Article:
Hacked emails show Clinton aides surprised at 2015 email revelations | Reuters
By Jonathan Allen | NEW YORK NEW YORK Two aides in charge of running Hillary Clinton's presidential campaign were taken aback as news broke in March 2015 of Clinton's use of private email for her work as U.S. secretary of state, according to stolen emails published on Thursday by WikiLeaks.The late-night exchange between Robby Mook, Clinton's campaign manager, and John Podesta, the campaign chairman, happened within hours of the New York Times breaking the news that Clinton exclusively used a private email account in a way that may have broken records rules.'Did you have any idea of the depth of this story?' Podesta wrote to Mook at 10:27 p.m
By Jonathan Allen
| NEW YORK
NEW YORK Two aides in charge of running Hillary Clinton's presidential campaign were taken aback as news broke in March 2015 of Clinton's use of private email for her work as U.S. secretary of state, according to stolen emails published on Thursday by WikiLeaks.The late-night exchange between Robby Mook, Clinton's campaign manager, and John Podesta, the campaign chairman, happened within hours of the New York Times breaking the news that Clinton exclusively used a private email account in a way that may have broken records rules."Did you have any idea of the depth of this story?" Podesta wrote to Mook at 10:27 p.m. on the night the Times story appeared online, according to an exchange published by WikiLeaks.A few hours later, at 1:32 a.m., Mook wrote back: "Nope. We brought up the existence of emails in research this summer but were told that everything was taken care of." The exchange took place hours before the Associated Press reported for the first time the following morning that Clinton's email system was run off a private server Clinton kept in the basement of her home in Chappaqua, New York.The exchange appears to show that even Clinton's most senior aides were initially unprepared for the scale of revelations about Clinton's email practices, which would end up dogging her campaign all the way through to the final weeks leading up to the Nov. 8 election. Clinton, the Democratic candidate, remains the front-runner in opinion polls over Republican opponent Donald Trump.
Many voters have pointed to the unauthorised email system, which stymied attempts by the public to seek Clinton's emails through open-records laws, as a reason they find Clinton untrustworthy. Trump has repeatedly attacked her over her emails, saying Clinton should be in prison because she sent and received classified government secrets through the server. After a yearlong investigation, James Comey, the director of the Federal Bureau of Investigation, said in July that Clinton and her staff were "extremely careless" with classified information, but that no reasonable prosecutor would bring charges.The same night of the Mook-Podesta exchange, Neera Tanden, a longtime Clinton confidante, wrote to Podesta to express her frustration, according to other emails stolen from Podesta's account and published in daily batches this month by WikiLeaks, a publishing organisation that advocates extreme government transparency."Why didn't they get this stuff out like 18 months ago?" Tanden wrote, criticizing Cheryl Mills, a lawyer working for Clinton and Clinton's former chief of staff at the State Department. "So crazy."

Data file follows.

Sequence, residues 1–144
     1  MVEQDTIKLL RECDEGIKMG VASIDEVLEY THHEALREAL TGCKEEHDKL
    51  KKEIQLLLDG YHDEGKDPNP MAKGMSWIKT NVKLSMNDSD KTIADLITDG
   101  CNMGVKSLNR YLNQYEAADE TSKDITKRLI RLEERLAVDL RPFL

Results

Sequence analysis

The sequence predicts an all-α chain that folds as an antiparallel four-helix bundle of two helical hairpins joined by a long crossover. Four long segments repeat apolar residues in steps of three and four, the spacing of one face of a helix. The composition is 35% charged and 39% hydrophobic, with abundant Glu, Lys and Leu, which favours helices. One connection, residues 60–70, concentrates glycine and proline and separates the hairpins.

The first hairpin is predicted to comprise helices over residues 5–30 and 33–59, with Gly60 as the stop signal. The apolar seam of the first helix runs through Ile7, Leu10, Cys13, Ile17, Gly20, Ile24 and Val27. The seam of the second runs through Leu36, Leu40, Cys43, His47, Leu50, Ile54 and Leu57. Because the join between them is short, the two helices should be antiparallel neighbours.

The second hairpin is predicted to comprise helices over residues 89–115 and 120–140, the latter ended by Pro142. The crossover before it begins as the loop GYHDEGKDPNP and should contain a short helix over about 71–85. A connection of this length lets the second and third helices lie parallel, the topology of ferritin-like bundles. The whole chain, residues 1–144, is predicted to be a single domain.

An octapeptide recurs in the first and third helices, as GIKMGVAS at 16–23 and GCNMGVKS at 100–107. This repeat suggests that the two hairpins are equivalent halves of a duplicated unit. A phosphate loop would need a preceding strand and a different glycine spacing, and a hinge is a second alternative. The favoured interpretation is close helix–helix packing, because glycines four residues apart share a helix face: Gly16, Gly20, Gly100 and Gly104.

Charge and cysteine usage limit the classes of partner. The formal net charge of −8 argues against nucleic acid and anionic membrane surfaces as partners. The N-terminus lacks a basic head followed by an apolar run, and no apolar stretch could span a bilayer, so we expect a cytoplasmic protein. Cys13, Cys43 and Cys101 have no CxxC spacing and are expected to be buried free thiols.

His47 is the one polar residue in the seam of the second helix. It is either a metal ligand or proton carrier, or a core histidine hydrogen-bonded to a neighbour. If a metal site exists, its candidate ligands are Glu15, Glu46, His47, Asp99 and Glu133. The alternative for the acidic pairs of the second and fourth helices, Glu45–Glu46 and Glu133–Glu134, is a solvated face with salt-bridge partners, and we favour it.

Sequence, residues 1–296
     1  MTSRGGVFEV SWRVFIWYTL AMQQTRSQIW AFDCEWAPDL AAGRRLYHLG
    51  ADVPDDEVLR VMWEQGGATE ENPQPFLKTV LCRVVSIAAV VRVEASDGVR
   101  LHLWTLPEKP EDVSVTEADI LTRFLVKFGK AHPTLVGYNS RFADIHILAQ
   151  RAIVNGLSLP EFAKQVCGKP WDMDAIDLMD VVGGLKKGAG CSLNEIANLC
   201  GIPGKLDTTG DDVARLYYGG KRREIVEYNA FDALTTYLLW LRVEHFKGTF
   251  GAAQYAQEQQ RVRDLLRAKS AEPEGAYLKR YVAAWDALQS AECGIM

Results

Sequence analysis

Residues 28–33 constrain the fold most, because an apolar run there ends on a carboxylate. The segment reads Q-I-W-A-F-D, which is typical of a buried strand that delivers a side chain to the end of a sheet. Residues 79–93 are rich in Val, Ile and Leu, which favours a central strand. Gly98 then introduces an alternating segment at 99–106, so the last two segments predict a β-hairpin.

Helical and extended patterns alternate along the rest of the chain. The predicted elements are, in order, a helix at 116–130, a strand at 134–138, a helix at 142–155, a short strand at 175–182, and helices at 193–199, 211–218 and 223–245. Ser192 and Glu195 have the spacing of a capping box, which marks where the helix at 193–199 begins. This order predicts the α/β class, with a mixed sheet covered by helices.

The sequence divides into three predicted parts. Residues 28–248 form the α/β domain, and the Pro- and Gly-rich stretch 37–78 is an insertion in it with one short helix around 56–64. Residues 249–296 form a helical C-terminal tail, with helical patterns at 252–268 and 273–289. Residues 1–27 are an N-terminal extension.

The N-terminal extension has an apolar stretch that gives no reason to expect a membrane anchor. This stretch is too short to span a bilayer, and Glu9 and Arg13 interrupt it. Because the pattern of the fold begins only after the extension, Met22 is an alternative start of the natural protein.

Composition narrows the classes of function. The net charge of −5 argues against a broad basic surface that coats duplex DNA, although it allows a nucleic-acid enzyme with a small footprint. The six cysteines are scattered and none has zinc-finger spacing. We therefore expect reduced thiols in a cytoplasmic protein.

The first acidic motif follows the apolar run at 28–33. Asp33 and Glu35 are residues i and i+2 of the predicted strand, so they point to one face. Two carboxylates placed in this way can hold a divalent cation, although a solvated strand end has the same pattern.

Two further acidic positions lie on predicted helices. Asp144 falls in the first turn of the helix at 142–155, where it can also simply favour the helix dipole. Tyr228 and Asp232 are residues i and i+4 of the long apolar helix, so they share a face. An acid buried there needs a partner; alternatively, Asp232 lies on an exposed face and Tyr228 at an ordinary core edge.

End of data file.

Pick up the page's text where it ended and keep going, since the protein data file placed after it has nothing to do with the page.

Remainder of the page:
Podesta replied with a single word: "Unbelievable.""I guess I know the answer," Tanden, an outside adviser who does not have a formal role in the campaign, responded. "They wanted to get away with it." Podesta also suggests in the exchange that other Clinton aides withheld information about the emails, although it is unclear if he meant from the public or other colleagues.
"Speaking of transparency, our friends Kendall, Cheryl and Phillipe sure weren't forthcoming on the facts here," Podesta wrote. David Kendall is another lawyer working for Clinton, and Philippe Reines, whose first name Podesta appeared to have misspelled, is a Clinton adviser who handled her news coverage at the State Department.Tanden and spokesmen for Clinton's campaign did not respond to questions. The campaign has generally declined to comment on or authenticate specific emails, although it has not pointed to any instances of doctored messages. Glen Caplin, a campaign spokesman, has said the Russian government is behind the hacking of Podesta emails in an effort to influence the U.S. election.Nearly five months after the news of Clinton's private email first broke, Tanden again wrote to Podesta to link the arrangement to unfavourable public polling that week."Do we actually know who told Hillary she could use a private email?" she wrote. "And has that person been drawn and quartered?" (Editing by Jonathan Oatis)